Bloomberg -- The world’s biggest investors are finding U.S. government bonds becoming safer, not more risky, as the deadline to avoid the first American default approaches.
The yield on 10-year U.S. bonds dropped to a two-month low of 2.58% on Oct. 3, after Treasury Secretary Jacob J. Lew said the government won’t be able to pay its debts in 14 days unless Congress raises the $16.7 trillion borrowing ceiling. While short-term bill rates and the cost to insure against a default have risen, volatility in Treasuries has fallen, a sign that investor confidence in the Federal Reserve is outweighing worries over the budget battle among U.S. political leaders.
BlackRock Inc. Chairman and Chief Executive Officer Laurence D. Fink and Pacific Investment Management Co. Co-Chief Investment Officer Bill Gross, who lead the world’s biggest bond firms, dismiss the possibility of a default after the first government shutdown in 17 years as House Republicans failed to agree on a budget with Senate Democrats and President Barack Obama. With the closures shaving at least 0.1% off economic growth each week, Fed policy makers said they will probably keep buying $85 billion a month of bonds.
“The dysfunction in Washington just makes the Fed more likely to be supportive of the market,” Mark MacQueen, a partner and money manager in Austin, Texas, at Sage Advisory Services Ltd., which oversees $11 billion, said in a telephone interview Oct. 1. “We should stick to the underlying economic fundamentals and not worry about 72 hours in Washington. The real fear of a major rate increase is diminishing as long as this nonsense continues.”
MacQueen is buying corporate bonds and mortgage securities because they are worth the risk as alternatives to Treasuries, which make up about 25% of his holdings. Investment-grade U.S. corporate bonds offer about 146 basis points, or 1.46%age points, of extra yield compared with government debt, according to Bloomberg indexes.
Investors are showing confidence in Treasuries by pushing down two main risk measures. Three-month volatility on five-year interest rate swaps has decreased about 35% since last month. The gauge, a measure of projected yield fluctuations over the next 90 days, dropped to 79 basis points Oct. 4, from 123 basis points reached Sept. 5.
The MOVE Index, which uses options prices to project price swings in Treasuries across a range of maturities, declined 31% to 80 on Oct. 3, from 114 on Sept. 5. The 2013 average is 72.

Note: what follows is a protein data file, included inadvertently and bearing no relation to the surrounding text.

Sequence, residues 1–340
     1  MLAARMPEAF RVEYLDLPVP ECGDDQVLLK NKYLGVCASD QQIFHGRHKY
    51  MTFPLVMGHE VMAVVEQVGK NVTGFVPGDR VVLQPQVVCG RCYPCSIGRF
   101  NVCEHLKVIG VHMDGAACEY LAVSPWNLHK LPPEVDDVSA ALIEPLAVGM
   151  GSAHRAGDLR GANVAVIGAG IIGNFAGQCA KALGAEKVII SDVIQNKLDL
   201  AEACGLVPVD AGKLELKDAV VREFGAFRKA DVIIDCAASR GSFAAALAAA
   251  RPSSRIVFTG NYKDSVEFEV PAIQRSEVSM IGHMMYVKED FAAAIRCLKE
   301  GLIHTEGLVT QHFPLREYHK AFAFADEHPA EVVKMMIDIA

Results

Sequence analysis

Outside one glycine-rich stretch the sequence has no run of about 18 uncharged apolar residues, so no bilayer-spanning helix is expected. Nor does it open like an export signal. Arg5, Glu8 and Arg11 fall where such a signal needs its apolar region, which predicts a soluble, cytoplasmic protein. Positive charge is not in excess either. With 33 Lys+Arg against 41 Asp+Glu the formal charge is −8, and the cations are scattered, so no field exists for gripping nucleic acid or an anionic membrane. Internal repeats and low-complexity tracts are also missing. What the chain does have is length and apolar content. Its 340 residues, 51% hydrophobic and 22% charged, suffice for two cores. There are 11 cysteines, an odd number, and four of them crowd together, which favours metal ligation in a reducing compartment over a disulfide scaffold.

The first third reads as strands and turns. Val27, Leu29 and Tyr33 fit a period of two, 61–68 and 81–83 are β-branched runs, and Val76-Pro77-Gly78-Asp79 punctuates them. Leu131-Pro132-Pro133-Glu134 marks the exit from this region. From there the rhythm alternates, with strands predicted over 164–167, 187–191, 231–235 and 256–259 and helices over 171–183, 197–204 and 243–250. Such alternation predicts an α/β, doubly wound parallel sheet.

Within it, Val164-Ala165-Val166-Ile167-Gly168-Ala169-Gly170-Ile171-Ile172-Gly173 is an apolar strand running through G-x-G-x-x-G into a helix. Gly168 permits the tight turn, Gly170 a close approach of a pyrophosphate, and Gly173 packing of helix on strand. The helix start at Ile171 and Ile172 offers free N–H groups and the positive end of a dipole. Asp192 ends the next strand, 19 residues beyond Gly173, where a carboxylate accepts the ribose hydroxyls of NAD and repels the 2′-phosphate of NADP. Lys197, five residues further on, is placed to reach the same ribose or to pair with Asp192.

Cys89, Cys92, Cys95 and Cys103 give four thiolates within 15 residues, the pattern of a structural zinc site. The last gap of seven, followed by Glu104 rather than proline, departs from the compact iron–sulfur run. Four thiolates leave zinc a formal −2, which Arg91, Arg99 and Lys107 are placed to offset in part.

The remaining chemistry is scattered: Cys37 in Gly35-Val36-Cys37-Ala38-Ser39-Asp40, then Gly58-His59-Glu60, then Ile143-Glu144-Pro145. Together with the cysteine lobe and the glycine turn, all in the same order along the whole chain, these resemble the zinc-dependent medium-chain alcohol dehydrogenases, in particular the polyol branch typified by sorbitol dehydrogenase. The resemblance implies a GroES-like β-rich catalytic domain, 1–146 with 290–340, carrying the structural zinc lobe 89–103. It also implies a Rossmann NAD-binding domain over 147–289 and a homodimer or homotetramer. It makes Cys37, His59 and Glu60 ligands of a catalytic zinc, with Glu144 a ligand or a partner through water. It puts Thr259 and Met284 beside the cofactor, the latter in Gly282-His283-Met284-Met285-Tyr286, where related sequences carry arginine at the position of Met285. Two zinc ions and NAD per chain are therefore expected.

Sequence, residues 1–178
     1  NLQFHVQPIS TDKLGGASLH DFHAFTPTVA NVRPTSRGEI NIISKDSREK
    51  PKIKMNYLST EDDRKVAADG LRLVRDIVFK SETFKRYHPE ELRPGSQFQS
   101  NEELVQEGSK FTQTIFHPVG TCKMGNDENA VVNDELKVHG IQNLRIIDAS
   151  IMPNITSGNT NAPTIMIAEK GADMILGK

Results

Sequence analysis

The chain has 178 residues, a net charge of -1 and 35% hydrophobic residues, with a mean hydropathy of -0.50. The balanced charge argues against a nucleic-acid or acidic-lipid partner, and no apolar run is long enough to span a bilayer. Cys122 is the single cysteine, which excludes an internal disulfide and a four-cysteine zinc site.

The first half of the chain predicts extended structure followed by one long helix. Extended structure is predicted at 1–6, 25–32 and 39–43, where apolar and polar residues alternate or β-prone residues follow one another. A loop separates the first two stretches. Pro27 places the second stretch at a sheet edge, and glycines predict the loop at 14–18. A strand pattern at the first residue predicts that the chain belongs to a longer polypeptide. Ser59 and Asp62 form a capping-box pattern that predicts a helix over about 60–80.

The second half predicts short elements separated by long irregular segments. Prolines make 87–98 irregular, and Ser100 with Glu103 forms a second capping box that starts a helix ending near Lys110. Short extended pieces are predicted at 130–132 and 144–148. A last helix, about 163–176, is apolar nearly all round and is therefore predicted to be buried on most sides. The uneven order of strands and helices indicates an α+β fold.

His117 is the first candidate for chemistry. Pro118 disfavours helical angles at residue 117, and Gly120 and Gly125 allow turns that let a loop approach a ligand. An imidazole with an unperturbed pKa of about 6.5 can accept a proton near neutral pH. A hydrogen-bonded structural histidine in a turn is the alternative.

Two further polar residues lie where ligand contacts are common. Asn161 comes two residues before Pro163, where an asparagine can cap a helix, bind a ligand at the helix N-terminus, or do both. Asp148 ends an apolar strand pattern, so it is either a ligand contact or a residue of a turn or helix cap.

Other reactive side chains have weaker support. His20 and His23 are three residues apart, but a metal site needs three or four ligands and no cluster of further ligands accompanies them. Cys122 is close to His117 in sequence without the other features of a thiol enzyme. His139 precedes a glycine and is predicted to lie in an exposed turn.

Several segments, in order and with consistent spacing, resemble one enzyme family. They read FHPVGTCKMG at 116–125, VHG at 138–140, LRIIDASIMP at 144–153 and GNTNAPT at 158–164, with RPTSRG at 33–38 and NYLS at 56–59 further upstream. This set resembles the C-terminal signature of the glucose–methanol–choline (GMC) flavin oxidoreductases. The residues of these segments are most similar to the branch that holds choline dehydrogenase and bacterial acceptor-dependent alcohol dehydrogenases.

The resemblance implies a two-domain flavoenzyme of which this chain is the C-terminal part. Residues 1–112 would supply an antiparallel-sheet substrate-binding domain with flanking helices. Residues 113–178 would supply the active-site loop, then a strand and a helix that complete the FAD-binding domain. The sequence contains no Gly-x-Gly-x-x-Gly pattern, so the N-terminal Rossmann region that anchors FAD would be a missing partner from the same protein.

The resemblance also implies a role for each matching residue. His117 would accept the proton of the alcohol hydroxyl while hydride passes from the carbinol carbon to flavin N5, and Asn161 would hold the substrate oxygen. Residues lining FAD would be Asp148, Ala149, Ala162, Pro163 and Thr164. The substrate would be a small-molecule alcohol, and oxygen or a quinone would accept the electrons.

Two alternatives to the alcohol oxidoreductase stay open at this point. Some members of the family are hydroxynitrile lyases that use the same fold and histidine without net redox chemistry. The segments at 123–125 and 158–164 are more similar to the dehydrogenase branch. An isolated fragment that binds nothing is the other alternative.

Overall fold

Treasuries were little changed last week, with 10-year yields rising 2 basis points, or 0.02 percentage point, to 2.65%, according to Bloomberg Bond Trader prices.
The yield on U.S. 10-year notes fell four basis points to 2.61% at 8:43 a.m. New York time. Lew said Congress needs to pass a debt-ceiling increase by Oct. 17 or the U.S. will be “dangerously low” on cash, speaking yesterday on CNN’s “State of the Union.”
“It’s a strange situation where the bigger the risk of the debt ceiling gets, the more Treasuries seem to benefit,” John Wraith, a fixed-income strategist at Bank of America Corp. in London said by phone today. “There’s a firm belief that ultimately this will get resolved one way or another, but in the interim it dampens the growth outlook and increases the chance the Fed will have to keep its foot down for longer.”
The 10-year yield has dropped since reaching a two-year high of 3.01% on Sept. 6. While the median estimate of more than 60 economists in a Bloomberg survey is for it to rise to 3.36% by the end of 2014, that would still leave it below the average over the past decade of 3.53%.
“What we have seen in times of crisis, whether it’s geopolitical or purely political, or economic, there tends to be a flight to quality,” James Sarni, senior managing partner in Los Angeles at Payden & Rygel, which manages $85 billion, said in a telephone interview Oct. 2. “The market is not pricing in a high probability of a default,” he said. “The market is ignoring Congress because they’ve lost confidence in them.”
The drop in Treasury yields contrasts with the increase in some European bond rates as nations there grapple with rising debt loads and political instability. During the height of the region’s sovereign crisis in 2011 and 2012, yields on 10-year notes of Greece, Ireland, Portugal, Spain and Italy all exceeded 7%, according to data compiled by Bloomberg.
Italy’s 10-year note yield rose on Sept. 30 to 4.66%, the highest level since June 27 as Prime Minister Enrico Letta said he would request a confidence vote on Oct. 2 following Silvio Berlusconi’s withdrawal of support for the nation’s five-month-old administration.
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